Photo/IllutrationMa Ying-jeou, left, Taiwan's former president, looks on as the statue symbolizing “comfort women,” a first in Taiwan, is unveiled at a ceremony in Tainan on Aug. 14. (Hideshi Nishimoto)

TAINAN, Taiwan--Taiwan unveiled its first statue to commemorate "comfort women" here on Aug. 14 in what was clearly a politically motivated act.

The unveiling was accompanied by a demand by Taiwan's former president, now a member of the main opposition Nationalist Party, for an apology and official compensation from the Japanese government.

Taiwan was a Japanese colony from 1895 to 1945. Many Taiwanese women were forced to provide sex to Japanese troops as “comfort women” during World War II.

The unveiling coincided with the day in 1991, when a South Korean woman named Kim Hak-sun went public with her testimony as a former comfort woman.

The comfort women issue has put a heavy strain on relations between Japan and South Korea.

Women in other countries also served as comfort women.

The statue of a girl with her arms raised to show her resistance is 160 centimeters tall.

It was erected in the city’s commercial district.

The statue project was the brainchild of a group established this spring with support from the Nationalist Party. The party’s local chapter donated the plot for the statue.

The group, which calls itself the Tainan association of promoting human rights of comfort women, sought public donations for the project.

A signboard put up near the sculpture states in Chinese, Japanese, English and Korean that the statue was erected to remember the tragic history of comfort women and to show respect and support the victims.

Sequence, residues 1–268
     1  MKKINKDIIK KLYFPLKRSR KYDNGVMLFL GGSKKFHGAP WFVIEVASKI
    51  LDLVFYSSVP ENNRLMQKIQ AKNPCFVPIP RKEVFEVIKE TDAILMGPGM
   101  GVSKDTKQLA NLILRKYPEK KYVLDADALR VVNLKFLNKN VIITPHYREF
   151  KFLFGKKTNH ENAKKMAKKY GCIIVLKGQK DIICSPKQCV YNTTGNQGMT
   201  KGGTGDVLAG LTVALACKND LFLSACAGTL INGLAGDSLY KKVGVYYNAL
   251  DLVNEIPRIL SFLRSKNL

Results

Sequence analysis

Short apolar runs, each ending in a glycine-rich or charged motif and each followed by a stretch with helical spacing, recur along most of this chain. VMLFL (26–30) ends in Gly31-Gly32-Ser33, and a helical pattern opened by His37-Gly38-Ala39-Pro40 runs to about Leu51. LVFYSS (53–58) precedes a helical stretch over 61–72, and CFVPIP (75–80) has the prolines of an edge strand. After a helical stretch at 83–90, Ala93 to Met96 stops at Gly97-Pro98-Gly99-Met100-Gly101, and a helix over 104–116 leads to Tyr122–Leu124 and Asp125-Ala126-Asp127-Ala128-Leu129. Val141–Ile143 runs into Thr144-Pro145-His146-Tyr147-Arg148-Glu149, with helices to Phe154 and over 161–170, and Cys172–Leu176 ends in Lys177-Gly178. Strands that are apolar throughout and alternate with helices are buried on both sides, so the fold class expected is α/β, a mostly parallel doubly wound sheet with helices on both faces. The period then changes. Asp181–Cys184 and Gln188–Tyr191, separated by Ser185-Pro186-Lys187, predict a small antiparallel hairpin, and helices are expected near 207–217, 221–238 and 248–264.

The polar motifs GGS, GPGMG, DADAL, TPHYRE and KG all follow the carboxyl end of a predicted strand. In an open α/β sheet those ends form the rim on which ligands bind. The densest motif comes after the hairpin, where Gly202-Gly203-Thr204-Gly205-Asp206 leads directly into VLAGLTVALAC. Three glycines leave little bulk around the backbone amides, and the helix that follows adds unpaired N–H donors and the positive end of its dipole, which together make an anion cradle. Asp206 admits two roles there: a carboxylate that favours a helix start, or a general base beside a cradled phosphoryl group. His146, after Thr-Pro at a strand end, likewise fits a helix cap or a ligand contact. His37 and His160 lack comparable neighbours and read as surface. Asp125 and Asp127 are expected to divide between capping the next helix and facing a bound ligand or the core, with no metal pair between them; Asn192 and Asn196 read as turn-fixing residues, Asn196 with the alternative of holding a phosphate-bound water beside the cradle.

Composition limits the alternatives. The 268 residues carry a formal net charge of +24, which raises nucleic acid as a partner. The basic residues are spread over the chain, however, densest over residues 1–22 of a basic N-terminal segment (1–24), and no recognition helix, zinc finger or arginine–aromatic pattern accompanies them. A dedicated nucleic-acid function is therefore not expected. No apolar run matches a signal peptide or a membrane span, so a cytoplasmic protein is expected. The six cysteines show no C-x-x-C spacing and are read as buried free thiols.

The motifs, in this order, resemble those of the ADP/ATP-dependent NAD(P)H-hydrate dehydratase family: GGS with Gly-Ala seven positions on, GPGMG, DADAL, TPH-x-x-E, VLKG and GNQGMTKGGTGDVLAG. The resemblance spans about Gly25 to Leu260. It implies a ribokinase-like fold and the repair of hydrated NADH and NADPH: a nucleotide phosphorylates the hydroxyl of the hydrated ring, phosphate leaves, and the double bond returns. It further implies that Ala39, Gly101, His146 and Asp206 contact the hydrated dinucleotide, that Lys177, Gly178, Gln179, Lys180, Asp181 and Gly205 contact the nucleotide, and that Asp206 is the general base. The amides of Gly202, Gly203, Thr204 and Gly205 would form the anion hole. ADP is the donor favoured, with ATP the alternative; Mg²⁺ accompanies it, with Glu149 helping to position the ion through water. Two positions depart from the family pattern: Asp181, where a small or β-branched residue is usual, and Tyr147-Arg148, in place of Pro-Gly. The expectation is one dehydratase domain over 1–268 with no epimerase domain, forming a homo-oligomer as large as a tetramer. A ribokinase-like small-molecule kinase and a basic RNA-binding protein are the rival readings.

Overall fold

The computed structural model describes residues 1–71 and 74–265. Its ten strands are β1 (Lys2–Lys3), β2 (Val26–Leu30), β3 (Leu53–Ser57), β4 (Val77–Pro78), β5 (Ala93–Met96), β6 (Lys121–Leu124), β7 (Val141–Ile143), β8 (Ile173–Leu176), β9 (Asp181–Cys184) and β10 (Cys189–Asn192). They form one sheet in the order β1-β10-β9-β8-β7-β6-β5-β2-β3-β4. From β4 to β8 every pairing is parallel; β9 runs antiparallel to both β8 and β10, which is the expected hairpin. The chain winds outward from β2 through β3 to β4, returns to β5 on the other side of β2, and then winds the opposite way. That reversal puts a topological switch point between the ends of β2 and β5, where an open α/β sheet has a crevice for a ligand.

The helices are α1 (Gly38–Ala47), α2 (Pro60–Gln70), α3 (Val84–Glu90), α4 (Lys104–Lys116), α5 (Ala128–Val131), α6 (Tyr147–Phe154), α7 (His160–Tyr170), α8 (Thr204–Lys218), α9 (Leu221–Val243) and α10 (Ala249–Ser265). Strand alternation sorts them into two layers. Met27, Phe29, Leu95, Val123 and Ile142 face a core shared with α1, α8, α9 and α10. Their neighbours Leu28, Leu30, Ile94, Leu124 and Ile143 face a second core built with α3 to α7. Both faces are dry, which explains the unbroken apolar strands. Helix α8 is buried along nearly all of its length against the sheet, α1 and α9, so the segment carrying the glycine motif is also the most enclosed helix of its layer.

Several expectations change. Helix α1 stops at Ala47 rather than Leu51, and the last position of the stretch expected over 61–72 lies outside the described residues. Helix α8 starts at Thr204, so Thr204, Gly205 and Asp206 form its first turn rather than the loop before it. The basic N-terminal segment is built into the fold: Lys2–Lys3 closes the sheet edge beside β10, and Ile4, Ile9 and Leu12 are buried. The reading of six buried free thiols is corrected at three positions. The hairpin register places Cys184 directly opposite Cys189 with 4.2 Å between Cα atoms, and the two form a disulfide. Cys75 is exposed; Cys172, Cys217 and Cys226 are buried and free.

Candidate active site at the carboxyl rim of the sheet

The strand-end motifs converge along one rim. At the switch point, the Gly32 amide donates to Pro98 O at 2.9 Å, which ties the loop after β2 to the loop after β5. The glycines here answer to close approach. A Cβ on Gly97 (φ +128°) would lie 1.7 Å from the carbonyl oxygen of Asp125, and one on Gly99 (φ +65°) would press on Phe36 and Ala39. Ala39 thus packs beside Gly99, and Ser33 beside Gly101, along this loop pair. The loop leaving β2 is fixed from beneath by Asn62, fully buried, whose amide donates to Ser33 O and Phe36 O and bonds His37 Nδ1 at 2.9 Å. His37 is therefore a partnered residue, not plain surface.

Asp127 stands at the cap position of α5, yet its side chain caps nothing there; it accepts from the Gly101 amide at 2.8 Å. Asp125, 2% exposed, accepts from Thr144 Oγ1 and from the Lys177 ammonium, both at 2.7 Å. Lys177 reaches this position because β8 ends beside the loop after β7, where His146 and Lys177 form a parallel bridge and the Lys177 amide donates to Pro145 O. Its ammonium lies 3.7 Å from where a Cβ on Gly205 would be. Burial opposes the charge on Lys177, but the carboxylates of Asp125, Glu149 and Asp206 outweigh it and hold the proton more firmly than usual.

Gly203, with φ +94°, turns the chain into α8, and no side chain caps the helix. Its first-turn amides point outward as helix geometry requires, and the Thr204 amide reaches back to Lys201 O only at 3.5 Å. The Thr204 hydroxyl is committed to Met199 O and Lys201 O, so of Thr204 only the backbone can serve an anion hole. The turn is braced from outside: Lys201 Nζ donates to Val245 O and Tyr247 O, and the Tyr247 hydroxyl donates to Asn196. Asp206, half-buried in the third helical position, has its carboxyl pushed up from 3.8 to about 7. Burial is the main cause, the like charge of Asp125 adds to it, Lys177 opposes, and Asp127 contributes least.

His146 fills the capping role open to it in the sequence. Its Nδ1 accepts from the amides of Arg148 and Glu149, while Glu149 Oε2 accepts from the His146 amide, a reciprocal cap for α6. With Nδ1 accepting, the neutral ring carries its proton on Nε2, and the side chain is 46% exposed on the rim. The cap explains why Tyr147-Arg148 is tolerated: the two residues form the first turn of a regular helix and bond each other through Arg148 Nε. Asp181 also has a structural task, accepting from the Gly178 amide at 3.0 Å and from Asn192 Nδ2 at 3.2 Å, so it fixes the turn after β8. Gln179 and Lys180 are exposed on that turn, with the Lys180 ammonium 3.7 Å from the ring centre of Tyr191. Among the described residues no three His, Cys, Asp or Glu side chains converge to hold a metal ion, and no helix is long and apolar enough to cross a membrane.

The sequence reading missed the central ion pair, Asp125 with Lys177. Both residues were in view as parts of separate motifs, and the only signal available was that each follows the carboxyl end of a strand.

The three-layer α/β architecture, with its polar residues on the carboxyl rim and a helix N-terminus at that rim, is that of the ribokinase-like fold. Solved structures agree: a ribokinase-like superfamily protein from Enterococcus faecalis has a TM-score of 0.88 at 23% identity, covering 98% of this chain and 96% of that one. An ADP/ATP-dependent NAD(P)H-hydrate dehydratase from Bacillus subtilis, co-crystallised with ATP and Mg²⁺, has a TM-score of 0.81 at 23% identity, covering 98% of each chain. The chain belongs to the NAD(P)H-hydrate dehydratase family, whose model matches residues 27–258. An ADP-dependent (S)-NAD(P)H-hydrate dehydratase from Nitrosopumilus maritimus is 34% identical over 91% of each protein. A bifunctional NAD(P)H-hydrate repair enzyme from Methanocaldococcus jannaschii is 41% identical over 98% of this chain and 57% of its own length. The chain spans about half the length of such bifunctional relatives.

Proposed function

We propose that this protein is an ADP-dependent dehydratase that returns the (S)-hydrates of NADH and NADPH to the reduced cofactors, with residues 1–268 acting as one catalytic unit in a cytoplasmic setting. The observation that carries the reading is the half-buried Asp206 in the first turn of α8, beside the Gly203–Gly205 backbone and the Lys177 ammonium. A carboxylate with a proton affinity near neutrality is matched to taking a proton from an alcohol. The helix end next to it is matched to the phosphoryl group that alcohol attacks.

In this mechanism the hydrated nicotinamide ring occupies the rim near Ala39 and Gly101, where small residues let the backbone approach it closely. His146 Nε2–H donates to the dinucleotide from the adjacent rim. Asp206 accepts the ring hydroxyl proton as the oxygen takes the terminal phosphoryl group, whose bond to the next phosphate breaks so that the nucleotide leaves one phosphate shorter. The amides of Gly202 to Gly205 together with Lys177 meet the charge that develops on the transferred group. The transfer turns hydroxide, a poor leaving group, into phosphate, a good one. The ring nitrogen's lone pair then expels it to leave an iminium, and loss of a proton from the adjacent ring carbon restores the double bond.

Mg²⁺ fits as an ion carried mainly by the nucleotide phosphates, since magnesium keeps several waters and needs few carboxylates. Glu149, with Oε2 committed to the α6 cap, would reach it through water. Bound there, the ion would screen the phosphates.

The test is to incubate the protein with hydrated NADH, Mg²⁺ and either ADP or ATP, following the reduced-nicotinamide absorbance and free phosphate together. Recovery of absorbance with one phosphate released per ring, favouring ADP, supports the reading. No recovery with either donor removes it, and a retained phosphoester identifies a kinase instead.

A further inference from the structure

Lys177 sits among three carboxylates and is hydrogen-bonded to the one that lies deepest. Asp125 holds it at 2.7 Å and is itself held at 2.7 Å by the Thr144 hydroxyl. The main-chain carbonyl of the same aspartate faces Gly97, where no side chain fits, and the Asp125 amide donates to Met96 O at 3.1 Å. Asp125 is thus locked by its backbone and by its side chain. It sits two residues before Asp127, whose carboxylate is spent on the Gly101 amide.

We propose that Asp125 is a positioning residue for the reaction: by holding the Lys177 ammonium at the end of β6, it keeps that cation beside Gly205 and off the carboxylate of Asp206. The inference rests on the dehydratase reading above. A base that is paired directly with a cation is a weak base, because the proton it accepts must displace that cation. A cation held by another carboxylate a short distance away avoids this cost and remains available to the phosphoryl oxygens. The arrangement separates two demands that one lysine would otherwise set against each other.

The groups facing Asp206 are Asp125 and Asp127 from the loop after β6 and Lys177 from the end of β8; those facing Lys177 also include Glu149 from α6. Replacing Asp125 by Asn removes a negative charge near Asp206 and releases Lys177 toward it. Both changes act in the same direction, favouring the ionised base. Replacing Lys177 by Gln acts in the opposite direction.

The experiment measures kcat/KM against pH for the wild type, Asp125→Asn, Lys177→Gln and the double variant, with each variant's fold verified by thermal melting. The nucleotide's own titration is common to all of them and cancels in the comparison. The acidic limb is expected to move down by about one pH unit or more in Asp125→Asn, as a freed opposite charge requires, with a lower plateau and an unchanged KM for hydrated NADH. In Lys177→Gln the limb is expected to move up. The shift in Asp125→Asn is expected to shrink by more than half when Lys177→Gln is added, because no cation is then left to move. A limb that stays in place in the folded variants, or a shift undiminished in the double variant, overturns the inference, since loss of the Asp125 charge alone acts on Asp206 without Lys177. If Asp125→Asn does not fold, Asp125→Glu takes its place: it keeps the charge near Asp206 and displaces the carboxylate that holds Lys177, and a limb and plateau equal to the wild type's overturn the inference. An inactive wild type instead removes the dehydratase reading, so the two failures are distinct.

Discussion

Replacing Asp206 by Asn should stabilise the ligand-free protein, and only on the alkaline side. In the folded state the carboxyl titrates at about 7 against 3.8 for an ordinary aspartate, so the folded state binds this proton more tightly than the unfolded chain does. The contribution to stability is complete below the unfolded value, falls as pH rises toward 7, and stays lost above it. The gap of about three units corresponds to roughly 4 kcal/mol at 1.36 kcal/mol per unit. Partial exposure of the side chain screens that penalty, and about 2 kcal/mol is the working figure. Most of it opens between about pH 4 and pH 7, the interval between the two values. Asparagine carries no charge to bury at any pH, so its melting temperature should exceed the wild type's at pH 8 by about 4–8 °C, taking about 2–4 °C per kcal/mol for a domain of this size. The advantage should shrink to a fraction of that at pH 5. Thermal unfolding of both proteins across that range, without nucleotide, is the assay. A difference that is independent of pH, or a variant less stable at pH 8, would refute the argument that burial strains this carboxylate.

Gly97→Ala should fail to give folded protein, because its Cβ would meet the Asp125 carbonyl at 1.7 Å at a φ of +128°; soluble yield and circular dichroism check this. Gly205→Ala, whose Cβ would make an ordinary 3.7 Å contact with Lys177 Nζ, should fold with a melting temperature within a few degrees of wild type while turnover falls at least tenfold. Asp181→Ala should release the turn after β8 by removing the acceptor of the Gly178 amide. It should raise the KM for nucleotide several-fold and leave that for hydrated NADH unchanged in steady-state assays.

At the unveiling ceremony, Ma Ying-jeou, the president of Taiwan from 2008 to 2016, criticized the government of the Democratic Progressive Party for shying away from examining the history of Taiwan under Japanese rule.

Ma appeared be using the event to raise his party's profile ahead of unified local elections scheduled for autumn.

A candidate expected to run for Tainan mayor on the Nationalist Party ticket also attended the ceremony.

Fifty-eight women in Taiwan were recognized as surviving victims when a local human rights group conducted a study of comfort women in Taiwan more than 20 years ago. Today, only two are still alive.

In Taipei, an advocacy group for women’s rights that helps the victims and their supporters, visited the Japan-Taiwan Exchange Association’s Taipei office, the equivalent of a diplomatic mission, to submit a protest letter demanding an apology and compensation for the comfort women issue.